This is the first in a series of bi-monthly updates which provides an insight into a selection of recent fraud issues, as well as providing an update on key reported cases. This first issue focuses on technology as an enabler to fraud.
In particular, the UK Government has provided additional funding to counter-fraud projects, with a particular emphasis on artificial intelligence (such as the use of voice recognition technology). This will be an interesting development and one which is certainly worth monitoring as organisations attempt to keep up with fast paced fraudsters.
Cryptocurrency is at the forefront of many people's minds at the moment, as the price of a single Bitcoin recently broke the £10,500 mark and then fell to below £8,000 mark within the space of one week. Whilst on the one hand there seem to be a never ending stream of cryptocurrency related hacks or thefts (for example, the Binance exchange hack in May 2019 which resulted in £31m worth of Bitcoin being misappropriated from its users, and the "spoof" exchange scam operated by individuals who were arrested by Europol for stealing some £22m worth of cryptocurrency from 4,000 people), there are also real strides being taken to put cryptocurrency at the forefront of the world financial system. In particular, Facebook recently announced that it would launch its own cryptocurrency in 2020 called "Libra." Whilst the true impact will not be known until 2020, Forbes provides an interesting commentary click here to read.
"some hail it as the beginning of the end of sovereign fiat currencies. Others believe it will draw people into the cryptocurrency world, leading them inexorably to place their faith in the One True Cryptocurrency, Bitcoin. And others worry about the effect on central bank monetary policy and the possibility that a run on Libra could trigger another financial crisis"
Lastly, there have been some interesting developments in the banking and finance space. In April, TSB became the first bank to give reassurance by confirming that it will cover its customers if they fall victim to fraudulent activities on their account, read here. Whilst this statement is of course positive, and no doubt others will follow suit, it is not yet clear the extent to which the practical approach differs from the obligations already in place by virtue of the Payment Services Regulation 2017.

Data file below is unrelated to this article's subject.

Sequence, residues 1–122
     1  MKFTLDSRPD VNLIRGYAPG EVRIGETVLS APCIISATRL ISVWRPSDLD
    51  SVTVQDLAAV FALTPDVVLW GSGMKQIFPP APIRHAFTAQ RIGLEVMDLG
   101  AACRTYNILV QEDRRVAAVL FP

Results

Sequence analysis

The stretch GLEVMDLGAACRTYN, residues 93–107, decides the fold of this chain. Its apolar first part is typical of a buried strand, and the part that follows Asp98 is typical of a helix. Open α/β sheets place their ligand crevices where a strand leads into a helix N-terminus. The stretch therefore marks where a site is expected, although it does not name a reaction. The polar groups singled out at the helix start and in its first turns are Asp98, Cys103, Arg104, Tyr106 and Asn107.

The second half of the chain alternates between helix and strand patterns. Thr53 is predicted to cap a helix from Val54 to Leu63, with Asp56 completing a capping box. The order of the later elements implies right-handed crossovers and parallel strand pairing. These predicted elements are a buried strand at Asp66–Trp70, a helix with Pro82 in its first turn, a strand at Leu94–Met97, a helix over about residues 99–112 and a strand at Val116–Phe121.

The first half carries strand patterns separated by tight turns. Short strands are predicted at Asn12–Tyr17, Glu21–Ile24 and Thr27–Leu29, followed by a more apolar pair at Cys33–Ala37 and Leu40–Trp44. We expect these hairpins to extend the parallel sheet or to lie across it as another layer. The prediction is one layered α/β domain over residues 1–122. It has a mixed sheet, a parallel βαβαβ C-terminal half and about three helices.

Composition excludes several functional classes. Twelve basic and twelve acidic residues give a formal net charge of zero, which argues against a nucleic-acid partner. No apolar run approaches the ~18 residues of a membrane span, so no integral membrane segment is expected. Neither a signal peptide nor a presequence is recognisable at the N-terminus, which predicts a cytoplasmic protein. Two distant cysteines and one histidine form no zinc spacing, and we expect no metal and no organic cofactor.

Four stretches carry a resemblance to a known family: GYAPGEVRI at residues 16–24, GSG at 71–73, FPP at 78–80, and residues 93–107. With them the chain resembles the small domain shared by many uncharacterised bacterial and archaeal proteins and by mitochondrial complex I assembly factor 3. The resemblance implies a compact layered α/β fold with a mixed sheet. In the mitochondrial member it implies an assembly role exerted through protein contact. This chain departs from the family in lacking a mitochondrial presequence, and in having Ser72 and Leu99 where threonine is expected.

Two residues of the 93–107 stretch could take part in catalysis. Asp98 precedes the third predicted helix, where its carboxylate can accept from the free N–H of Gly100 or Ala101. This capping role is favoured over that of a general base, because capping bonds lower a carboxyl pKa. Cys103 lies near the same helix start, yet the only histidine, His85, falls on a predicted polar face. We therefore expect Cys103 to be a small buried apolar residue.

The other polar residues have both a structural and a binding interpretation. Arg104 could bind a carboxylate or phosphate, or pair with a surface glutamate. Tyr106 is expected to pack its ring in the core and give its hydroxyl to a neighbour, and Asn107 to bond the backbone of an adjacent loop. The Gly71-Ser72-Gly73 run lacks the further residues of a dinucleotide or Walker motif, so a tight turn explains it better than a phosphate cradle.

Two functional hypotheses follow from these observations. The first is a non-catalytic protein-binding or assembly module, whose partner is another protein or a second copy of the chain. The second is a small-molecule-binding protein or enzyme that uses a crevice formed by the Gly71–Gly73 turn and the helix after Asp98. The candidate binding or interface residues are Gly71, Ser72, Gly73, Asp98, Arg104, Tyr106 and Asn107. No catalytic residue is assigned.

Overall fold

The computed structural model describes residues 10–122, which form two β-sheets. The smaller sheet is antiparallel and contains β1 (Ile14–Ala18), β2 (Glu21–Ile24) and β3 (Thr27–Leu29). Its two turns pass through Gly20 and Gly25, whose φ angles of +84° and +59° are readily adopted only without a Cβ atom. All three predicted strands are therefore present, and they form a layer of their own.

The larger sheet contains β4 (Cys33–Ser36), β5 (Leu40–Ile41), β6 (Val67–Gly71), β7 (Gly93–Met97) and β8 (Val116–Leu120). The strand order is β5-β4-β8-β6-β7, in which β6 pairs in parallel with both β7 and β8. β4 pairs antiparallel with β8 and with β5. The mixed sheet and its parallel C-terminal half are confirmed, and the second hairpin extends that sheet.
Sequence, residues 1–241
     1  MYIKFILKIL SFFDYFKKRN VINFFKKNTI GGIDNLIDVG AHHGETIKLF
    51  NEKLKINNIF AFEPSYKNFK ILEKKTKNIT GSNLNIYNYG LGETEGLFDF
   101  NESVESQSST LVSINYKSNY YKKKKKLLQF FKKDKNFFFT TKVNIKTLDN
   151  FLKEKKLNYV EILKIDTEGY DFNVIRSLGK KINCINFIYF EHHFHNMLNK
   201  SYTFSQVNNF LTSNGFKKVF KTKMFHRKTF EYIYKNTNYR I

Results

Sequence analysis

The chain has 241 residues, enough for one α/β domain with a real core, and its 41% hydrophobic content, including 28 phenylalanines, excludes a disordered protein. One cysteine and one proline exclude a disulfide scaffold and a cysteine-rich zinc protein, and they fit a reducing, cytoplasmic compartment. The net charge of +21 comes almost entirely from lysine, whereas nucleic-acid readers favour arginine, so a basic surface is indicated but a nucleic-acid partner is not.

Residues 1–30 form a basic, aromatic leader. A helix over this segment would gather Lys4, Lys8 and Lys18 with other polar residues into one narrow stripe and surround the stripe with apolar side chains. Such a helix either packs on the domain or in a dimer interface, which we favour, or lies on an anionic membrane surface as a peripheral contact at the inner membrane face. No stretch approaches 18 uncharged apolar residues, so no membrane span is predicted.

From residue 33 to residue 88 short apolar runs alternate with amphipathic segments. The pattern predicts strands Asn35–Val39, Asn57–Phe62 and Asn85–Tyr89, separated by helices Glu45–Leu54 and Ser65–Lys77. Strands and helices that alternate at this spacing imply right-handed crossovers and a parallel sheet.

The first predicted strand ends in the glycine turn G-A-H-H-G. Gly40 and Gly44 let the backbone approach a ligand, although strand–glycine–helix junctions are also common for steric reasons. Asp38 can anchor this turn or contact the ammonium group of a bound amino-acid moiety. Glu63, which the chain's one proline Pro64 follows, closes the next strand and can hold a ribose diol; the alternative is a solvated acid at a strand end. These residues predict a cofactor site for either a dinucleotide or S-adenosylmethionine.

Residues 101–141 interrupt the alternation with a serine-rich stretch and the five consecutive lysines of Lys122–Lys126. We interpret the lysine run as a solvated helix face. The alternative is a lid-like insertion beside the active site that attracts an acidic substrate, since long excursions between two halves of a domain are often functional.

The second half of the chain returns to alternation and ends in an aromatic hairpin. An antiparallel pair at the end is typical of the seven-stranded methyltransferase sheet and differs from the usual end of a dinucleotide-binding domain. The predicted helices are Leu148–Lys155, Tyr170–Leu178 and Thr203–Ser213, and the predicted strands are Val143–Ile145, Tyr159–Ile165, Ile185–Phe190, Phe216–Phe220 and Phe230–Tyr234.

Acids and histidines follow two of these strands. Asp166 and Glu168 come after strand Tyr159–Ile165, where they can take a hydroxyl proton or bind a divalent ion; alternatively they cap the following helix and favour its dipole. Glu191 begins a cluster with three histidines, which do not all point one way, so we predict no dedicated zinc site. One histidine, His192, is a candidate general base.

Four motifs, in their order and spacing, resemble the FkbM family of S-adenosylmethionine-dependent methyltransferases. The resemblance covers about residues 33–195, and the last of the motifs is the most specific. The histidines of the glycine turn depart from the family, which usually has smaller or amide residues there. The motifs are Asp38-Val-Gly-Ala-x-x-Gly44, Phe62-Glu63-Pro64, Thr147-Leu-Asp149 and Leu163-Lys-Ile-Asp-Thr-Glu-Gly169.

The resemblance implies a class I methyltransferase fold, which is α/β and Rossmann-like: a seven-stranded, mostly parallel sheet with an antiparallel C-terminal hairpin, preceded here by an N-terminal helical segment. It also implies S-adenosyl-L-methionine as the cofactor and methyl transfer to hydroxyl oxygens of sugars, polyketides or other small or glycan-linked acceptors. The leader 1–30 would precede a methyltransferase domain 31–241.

Articles of Interest
A significant case in highlighting the need for the court to be pragmatic in their approach to email fraud and freezing injunctions, World Proteins KFT v Persons Unknown sets a trend in the recovery of funds from unknown parties.
The case of WH Holding Limited and West Ham United Football Club Limited v E20 Stadium LLP highlights the importance of legal professional privilege and the how internal emails relating to settlement are treated.
In November 2018, the Abu Dhabi Global Market (ADGM) issued a consultation paper setting out proposed rules for litigation funding. Trowers & Hamlins explore what this means for the region.
Recent case law highlights conflicting approaches in relation to financial provisions for administrators of estates of deceased parties.
The UAE is capitalising on the growing sector of Crypto Assets. The UK FCA will be taking note in the recent guidance published, potentially showcasing a regulatory approach to the sector.
From 31 January 2018, enforcement agencies are able to apply for unexplained wealth orders potentially having a positive impact on the fight against corruption.
Significant legislation has recently come into force providing legislative authority to respond to and deter cyber-attacks against EU member states.
The National Cyber Security Centre has prepared a 5 step procedure to follow in the event of a cyber incident. Use of the procedure along with the Action Fraud hotline is a low cost way to mitigate risks associated with cyber security and the perfect introduction for SMEs who may be initially vulnerable to such breaches.
Cases to Consider
The second case in recent years to approve the granting of freezing injunctions against persons unknown. This increases the chance of recovering misappropriated funds following a cyber fraud incident.
The first appeal to be televised in the UK, this case reviewed the scope of litigation privilege.
Where judgements were decided on the basis of fraud, the original pleadings do not require a fraud argument to have been present to raise at a later date. Fraud should always be considered seriously at any stage in proceedings even after conclusion.
The Court of Appeal's ruling reinforces the dishonesty test in proving scenarios of dishonest assistance which will likely result in wider discretion for the courts to hold those in professional
The "Arkin Cap", limiting the extent of non-party costs orders against commercial litigation funders, has been determined by the High Court to not be automatically applicable in all circumstances. Such ruling follows substantial criticism of the cap since its introduction in 2005.
As well as litigation funders taking on the potential financial risk of an unsuccessful claim, this case highlights that the courts may also require the disclosure of a funders identity along with the terms of any such agreement.
1. Cyber Wars – is your scheme ready? – Wednesday 25 September 2019
Pension schemes hold large amounts of personal data which can make them a target for fraudsters and criminals. Join us for our upcoming seminar where we will explore what steps can be put in place to protect members and assets against the cyber risk.
Click here to register your interest
2. Reflective Loss – the Supreme Court judgment in Marex Financial Limited v Carlos Sevilleja Garcia – Date TBC
The Intervener in this case, the All Party Parliamentary Group on Fair Business Banking, and their legal team, invite you to a seminar to discuss this seminal judgment.
Click here to register your interest